Found 10 - 20 results of 24 programs matching keyword "installing the cooling system for the infrared camera"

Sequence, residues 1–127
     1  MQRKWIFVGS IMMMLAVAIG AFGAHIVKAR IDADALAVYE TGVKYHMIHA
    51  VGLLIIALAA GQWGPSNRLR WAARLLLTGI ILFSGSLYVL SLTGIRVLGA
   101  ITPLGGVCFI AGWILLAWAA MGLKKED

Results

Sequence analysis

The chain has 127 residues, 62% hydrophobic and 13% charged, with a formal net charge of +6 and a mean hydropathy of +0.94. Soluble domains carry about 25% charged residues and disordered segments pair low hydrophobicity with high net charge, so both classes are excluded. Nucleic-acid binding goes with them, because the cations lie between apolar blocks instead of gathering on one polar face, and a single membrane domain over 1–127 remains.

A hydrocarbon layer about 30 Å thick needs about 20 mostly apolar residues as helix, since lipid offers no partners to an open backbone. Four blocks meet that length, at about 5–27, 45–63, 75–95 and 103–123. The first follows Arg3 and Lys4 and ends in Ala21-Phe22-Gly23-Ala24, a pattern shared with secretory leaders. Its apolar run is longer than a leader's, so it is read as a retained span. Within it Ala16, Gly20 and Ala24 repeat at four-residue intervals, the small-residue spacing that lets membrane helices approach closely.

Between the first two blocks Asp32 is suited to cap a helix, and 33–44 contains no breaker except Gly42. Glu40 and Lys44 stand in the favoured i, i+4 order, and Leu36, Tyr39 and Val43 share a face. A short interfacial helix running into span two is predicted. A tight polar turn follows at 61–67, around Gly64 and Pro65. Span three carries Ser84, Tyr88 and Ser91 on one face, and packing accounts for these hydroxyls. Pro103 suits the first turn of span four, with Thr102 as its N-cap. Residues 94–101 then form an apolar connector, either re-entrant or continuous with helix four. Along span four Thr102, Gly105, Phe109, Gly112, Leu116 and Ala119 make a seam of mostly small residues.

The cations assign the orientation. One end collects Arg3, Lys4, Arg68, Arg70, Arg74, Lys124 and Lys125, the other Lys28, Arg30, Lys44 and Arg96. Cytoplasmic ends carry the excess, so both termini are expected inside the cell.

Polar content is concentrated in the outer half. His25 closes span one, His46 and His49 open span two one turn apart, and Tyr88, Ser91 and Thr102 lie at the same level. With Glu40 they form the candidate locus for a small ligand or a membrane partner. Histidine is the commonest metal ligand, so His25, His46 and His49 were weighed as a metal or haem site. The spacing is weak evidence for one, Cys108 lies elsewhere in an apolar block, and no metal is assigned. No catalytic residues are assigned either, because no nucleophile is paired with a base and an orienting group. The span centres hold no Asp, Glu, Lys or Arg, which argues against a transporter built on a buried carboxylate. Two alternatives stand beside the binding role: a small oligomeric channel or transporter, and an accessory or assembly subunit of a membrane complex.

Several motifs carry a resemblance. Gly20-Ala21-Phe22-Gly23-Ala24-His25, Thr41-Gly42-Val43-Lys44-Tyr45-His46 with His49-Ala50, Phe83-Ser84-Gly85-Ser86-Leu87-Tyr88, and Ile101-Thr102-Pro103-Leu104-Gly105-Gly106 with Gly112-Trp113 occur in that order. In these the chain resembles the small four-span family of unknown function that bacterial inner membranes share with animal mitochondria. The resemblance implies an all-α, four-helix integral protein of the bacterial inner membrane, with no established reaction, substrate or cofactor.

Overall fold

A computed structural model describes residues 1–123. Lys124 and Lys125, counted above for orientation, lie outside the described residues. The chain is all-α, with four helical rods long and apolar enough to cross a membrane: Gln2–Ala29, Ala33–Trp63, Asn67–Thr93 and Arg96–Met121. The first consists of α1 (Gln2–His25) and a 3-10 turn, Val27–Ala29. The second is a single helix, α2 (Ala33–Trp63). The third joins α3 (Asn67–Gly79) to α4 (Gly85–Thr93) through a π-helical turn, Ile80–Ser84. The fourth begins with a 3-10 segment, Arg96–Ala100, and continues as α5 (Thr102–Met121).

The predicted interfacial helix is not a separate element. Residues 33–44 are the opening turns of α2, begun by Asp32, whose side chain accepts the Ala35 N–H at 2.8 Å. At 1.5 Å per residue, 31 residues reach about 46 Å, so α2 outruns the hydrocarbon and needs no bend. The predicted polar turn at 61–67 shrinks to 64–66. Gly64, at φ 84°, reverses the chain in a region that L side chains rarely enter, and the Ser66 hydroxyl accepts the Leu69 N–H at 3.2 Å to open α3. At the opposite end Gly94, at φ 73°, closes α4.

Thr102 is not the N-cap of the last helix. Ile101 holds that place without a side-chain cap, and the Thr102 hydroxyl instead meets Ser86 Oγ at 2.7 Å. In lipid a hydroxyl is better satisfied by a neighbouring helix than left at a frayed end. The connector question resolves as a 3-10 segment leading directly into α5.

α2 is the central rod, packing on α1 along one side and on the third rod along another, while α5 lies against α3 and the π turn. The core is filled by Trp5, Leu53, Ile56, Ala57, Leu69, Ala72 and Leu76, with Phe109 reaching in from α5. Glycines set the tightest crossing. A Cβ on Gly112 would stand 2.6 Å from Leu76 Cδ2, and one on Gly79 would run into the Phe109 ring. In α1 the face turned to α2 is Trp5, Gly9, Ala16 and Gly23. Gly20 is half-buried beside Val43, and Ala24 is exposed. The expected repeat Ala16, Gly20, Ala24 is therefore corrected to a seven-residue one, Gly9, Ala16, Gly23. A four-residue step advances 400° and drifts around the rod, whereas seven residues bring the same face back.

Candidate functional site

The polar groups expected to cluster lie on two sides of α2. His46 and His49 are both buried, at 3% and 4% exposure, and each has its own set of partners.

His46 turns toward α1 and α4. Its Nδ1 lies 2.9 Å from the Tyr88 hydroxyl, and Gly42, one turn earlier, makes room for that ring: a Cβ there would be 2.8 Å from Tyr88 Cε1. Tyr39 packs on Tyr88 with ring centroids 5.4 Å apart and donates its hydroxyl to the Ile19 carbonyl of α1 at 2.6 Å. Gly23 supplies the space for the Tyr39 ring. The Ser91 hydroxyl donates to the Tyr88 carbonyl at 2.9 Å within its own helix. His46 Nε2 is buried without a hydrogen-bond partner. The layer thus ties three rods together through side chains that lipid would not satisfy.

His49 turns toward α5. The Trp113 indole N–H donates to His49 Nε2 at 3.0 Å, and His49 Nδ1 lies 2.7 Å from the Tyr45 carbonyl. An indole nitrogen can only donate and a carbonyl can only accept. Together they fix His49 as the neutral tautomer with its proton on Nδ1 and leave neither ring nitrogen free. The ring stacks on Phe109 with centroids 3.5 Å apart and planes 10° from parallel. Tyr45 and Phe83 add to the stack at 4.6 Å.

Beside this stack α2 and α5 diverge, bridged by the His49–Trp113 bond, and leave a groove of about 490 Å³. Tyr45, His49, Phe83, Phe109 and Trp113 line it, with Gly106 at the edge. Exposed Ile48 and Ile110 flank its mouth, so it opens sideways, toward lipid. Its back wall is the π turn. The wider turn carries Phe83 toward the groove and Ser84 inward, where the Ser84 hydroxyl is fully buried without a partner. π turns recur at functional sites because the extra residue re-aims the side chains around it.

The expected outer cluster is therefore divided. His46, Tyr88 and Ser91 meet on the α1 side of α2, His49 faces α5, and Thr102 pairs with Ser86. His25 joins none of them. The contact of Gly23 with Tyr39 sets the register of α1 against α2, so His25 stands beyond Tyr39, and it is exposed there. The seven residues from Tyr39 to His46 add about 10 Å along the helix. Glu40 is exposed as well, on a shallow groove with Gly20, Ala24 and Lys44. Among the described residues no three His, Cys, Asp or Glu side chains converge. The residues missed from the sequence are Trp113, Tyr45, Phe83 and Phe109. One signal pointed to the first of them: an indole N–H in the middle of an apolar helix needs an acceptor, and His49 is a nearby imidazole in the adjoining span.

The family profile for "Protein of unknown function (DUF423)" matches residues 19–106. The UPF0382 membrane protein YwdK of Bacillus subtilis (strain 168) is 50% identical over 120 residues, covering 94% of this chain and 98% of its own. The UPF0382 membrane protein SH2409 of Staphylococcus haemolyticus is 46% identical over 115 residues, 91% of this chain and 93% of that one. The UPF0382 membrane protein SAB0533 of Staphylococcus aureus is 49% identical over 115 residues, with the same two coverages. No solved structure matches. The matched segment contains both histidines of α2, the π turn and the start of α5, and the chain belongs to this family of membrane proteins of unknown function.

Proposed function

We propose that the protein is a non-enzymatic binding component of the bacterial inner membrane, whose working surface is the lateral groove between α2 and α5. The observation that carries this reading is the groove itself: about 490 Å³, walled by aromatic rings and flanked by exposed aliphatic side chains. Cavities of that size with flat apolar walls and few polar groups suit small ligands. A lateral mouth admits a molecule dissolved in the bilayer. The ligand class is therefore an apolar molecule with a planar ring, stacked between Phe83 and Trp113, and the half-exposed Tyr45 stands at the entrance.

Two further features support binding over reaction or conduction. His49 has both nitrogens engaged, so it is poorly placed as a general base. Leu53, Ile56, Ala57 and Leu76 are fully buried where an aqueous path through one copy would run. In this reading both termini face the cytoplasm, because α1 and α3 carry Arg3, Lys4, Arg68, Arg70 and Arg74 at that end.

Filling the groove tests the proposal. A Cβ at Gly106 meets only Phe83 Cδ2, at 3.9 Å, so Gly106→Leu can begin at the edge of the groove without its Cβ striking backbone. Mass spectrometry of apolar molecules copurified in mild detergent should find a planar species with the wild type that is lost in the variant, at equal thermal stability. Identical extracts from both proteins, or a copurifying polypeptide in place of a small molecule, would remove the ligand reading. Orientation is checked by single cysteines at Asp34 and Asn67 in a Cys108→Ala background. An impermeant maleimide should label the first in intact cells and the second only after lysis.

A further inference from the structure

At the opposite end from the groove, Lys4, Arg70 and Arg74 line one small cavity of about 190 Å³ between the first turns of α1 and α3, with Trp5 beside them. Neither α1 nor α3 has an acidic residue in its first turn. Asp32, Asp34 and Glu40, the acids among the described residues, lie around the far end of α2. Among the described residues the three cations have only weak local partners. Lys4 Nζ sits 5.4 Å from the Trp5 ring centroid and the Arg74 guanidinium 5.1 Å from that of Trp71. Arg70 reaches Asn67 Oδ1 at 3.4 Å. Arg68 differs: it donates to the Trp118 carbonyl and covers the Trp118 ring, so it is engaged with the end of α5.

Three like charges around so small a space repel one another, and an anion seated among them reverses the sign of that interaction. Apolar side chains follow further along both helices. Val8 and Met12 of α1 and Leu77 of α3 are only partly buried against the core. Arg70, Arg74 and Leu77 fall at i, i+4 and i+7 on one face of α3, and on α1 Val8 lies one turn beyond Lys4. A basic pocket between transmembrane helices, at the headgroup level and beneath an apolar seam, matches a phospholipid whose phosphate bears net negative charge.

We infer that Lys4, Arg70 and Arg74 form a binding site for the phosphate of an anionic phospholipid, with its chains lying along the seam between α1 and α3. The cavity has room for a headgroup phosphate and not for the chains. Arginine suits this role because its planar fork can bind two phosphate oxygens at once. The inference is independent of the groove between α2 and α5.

Dr. Paul Doherty and Dr. Eric Weygren discuss the most intriguing moon in the Solar System, Titan. Titan is veiled in a mysterious, dense, foggy atmosphere. Look at new images from the moon Phoebe with Exploratorium scientist Dr. Paul Doherty and Dr. Eric Wegryn of Cassini’s VIMS project. Watch as the best teachers on the planet battle it out for the title of Iron Science Teacher. In this zany competition teachers will have ten minutes to create a science activity. This week’s “secret” ingredient- carbohydrates! Our team of middle school students from the Aim High program investigates new technologies that use our unique physical traits as tools for identification. Eye-D explores the possibilities of retinal scans. Join us as NASA releases the first images from the Hubble Telescope's new camera, NICMOS (the Near Infrared Camera and Multi-Object Spectrometer). We'll discuss the significance and beauty of these pictures of our galaxy with the NICMOS' Lead Scientist, Keith Noll. The Near Infrared Camera and Multi-Object Spectrometer (NICMOS) will be brought back to life with the installation of the new experimental NICMOS cryo-cooler. The cryo-cooler updates the technology from that of an icebox to a modern refrigerator. We also talk to Keith Noll, head if the Hubble Heritage Project, which is responsible for bringing us those stunning pictures from deep space. The Advanced Camera for Surveys (ACS) was successfully installed. In preparation for the installation of the NICMOS Cooling System tomorrow, the astronauts also installed the Electronics Support Module. We also talk with Massimo Stiavelli, a scientist at the Space Telescope Science Institute about his involvement with the ACS and the future Wide Field Planetary Camera 3 (WFPC3) scheduled to be installed during the next servicing mission in 2004. In an exclusive taped interview, Hubble payload commander and astronaut John Grunsfeld discusses how astronauts who'll be servicing a telescope in space train in a giant pool at the Johnson Space Center. We'll also show an interview with space engineer Amy Ross, filmed in the space suit laboratory at Johnson. Nine Aim High students explore shadow and light, and build their own energy machines. In this webcast, the students delve into energy transference and alternative energy sources like solar cells and wind power. On November 15th, 1999, for the first time in 25 years, the planet Mercury passed between us (in the western hemisphere) and the sun--an event known as a "transit." Here is one of five short streaming videos detailing the event.